by Semiconductor Industry Association
From curing diseases and making passenger jets safer to improving weather forecasts and developing new advanced manufacturing techniques, high-performance computing (HPC) enables countless breakthroughs that keep America strong, safe, competitive, and at the leading edge of innovation. A new report by the Information Technology & Innovation Foundation (ITIF) examines the many critical applications of HPC and calls on Congress and the Administration to advance policies that support it.
HPC uses supercomputers and advanced processing techniques to solve complex computational problems at blinding speeds through computer modeling, simulation, and data analysis. The ITIF report highlights a range of specific examples showing how HPC solves problems in the real world, including the following:
• “[HPC tools] allow GM’s engineers to simulate crash tests from every angle, testing restraint and airbag performance and even running digitalized pedestrian impact scenarios to improve pedestrian safety.”
• “Supercomputer models are playing a key role in the design of more energy-efficient buildings … The Greater Philadelphia Innovation Cluster … is leveraging HPC to develop integrated end-to-end code for simulating building fluid/thermal flows.”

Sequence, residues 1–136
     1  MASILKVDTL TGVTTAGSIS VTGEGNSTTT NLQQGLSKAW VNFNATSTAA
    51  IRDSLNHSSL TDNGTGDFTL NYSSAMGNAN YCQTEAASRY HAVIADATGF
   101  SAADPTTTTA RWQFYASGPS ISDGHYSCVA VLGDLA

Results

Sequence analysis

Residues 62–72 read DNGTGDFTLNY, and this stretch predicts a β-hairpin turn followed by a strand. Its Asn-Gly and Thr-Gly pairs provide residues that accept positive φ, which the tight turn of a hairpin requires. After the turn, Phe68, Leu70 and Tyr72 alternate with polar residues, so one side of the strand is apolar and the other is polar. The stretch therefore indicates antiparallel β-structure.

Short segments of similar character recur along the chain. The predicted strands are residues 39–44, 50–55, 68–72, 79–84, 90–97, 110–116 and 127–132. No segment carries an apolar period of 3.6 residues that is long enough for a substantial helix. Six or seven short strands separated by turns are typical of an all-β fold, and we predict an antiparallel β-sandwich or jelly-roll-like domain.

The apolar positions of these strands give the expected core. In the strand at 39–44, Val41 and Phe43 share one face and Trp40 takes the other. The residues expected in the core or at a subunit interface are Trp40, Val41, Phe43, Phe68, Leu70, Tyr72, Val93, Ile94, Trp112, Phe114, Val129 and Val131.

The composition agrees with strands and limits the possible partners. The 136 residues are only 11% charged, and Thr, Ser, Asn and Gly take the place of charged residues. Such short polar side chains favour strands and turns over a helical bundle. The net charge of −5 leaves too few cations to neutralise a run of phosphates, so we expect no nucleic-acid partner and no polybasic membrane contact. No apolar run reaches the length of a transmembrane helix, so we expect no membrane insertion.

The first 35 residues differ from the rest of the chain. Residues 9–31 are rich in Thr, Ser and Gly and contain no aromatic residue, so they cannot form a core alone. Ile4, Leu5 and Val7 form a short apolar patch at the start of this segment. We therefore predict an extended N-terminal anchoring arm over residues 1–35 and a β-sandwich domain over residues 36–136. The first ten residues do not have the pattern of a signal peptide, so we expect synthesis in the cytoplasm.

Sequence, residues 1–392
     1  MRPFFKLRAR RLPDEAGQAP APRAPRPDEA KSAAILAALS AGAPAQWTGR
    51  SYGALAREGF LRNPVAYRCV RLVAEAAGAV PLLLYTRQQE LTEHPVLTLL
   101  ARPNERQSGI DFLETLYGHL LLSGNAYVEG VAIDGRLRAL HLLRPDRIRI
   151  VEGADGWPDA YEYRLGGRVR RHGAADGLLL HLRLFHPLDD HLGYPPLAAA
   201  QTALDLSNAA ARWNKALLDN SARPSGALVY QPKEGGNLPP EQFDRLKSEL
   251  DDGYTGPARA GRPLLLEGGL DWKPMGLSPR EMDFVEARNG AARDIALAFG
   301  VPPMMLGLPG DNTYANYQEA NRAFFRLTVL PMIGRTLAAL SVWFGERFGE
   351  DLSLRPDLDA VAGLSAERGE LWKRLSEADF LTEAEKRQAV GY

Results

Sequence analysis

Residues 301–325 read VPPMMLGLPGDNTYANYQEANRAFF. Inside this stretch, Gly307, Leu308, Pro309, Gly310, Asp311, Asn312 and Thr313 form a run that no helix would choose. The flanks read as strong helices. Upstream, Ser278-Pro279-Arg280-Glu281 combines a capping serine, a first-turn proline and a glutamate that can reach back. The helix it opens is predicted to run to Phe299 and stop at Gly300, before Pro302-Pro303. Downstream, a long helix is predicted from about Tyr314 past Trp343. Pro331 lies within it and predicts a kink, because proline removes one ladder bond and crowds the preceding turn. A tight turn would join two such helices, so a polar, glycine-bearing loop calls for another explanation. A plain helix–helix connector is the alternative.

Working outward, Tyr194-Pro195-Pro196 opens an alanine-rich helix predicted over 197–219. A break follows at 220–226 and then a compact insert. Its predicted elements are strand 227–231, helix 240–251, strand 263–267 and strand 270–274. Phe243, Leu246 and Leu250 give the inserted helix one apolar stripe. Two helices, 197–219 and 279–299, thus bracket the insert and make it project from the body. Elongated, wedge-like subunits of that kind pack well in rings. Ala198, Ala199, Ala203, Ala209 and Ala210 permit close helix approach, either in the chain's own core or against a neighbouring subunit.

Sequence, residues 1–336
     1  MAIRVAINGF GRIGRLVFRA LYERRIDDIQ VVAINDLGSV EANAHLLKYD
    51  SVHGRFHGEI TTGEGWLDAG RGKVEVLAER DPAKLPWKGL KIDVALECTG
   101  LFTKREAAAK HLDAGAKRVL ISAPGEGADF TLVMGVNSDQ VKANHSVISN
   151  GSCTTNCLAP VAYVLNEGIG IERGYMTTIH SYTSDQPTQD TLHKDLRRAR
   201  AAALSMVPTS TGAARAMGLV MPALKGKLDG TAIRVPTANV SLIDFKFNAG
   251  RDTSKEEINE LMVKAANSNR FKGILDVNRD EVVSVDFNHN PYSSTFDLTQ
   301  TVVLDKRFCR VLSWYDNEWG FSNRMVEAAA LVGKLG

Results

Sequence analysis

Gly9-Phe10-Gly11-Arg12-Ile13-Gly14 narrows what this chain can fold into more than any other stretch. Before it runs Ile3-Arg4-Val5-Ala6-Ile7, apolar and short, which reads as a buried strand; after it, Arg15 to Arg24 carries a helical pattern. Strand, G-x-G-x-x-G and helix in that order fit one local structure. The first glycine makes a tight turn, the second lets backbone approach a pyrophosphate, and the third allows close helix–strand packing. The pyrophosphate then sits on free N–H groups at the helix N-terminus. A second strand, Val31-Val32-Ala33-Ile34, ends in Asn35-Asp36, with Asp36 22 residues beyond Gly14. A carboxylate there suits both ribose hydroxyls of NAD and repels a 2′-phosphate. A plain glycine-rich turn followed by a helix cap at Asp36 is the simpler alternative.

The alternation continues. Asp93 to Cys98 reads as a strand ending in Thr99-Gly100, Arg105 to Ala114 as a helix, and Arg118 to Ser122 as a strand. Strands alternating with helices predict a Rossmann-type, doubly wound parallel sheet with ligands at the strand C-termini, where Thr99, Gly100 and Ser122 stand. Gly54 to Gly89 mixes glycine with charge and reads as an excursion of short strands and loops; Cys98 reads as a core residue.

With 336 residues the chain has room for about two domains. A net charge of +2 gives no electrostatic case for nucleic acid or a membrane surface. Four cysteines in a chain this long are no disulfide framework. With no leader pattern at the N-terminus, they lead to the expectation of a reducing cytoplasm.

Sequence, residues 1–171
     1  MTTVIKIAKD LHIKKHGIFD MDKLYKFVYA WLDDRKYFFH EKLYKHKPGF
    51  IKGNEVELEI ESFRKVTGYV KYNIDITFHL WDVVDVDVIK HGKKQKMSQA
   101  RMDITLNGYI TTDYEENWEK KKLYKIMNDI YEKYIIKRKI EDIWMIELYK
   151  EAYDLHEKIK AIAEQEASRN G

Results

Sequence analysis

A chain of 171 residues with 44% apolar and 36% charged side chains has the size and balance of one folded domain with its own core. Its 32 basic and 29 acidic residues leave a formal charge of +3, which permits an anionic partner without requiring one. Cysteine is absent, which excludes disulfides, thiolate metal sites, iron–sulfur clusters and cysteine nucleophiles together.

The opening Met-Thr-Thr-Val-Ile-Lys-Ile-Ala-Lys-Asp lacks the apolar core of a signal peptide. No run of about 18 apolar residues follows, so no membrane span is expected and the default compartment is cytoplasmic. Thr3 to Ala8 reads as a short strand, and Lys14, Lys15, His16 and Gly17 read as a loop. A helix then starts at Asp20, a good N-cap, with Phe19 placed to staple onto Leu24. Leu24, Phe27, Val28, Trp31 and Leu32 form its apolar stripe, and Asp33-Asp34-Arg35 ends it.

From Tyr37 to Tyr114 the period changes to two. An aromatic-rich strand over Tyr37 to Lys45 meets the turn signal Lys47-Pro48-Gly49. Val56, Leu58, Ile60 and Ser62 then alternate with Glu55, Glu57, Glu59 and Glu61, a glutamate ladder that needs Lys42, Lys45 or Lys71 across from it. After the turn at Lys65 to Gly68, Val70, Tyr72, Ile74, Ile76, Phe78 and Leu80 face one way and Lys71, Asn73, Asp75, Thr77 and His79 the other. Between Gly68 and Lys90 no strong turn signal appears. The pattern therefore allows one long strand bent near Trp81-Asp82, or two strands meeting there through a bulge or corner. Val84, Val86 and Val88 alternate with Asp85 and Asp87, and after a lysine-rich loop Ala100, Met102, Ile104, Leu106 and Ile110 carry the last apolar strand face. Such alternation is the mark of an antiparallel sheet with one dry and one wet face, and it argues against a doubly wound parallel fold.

• “The Center for Pediatric Genomic Medicine at Children’s Mercy Hospital in Kansas City, Missouri … has been using HPC to help save the lives of critically ill children … For one infant suffering from liver failure, the center used 25 hours of supercomputer time to analyze 120 billion nucleotide sequences and narrowed the cause of the illness down to two possible genetic variants. Thanks to this highly accurate diagnosis, the baby is alive and well today.”
While the United States is currently the world’s leading adopter and developer of HPC systems, China, the European Union, Japan, and others have made significant investments in supercomputing technology in recent years. Without swift and determined action by policymakers to help advance HPC technology, the United States risks falling behind.
Last July, President Obama issued an executive order launching a new supercomputing research initiative called the National Strategic Computing Initiative (NSCI), which aims to maintain and strengthen U.S. leadership in cutting-edge computing technology. The NSCI calls for government, industry, and academia to collaborate on research, development, and deployment of HPC. The executive order also highlights the need for research to advance semiconductor technology and to develop future technologies.
SIA supports the NSCI and has long advocated for increased federal investments in basic scientific research to complement industry-funded R&D. Policymakers should support these initiatives to advance high-performance computing and boost U.S. competitiveness and technology leadership.
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